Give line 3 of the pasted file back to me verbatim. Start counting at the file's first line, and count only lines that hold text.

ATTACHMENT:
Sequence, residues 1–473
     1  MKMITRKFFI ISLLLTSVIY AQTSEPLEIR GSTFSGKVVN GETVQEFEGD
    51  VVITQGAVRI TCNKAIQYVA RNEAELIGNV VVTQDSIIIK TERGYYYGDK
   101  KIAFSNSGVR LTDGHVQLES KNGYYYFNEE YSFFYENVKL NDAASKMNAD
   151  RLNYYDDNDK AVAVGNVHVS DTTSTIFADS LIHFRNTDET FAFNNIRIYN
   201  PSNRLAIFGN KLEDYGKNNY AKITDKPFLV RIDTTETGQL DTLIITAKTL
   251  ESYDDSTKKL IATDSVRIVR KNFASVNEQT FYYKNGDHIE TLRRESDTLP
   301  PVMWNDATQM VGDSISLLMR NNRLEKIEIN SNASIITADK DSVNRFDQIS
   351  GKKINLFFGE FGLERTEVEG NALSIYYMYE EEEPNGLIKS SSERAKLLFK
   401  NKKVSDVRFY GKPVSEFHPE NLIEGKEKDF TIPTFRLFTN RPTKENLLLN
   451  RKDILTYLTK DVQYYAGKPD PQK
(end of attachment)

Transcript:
    51  VVITQGAVRI TCNKAIQYVA RNEAELIGNV VVTQDSIIIK TERGYYYGDK